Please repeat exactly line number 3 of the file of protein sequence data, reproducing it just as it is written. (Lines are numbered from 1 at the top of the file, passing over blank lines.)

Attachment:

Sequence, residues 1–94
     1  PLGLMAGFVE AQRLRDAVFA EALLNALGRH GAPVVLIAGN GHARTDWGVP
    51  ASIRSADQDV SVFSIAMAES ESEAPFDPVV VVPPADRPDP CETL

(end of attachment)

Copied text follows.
    51  ASIRSADQDV SVFSIAMAES ESEAPFDPVV VVPPADRPDP CETL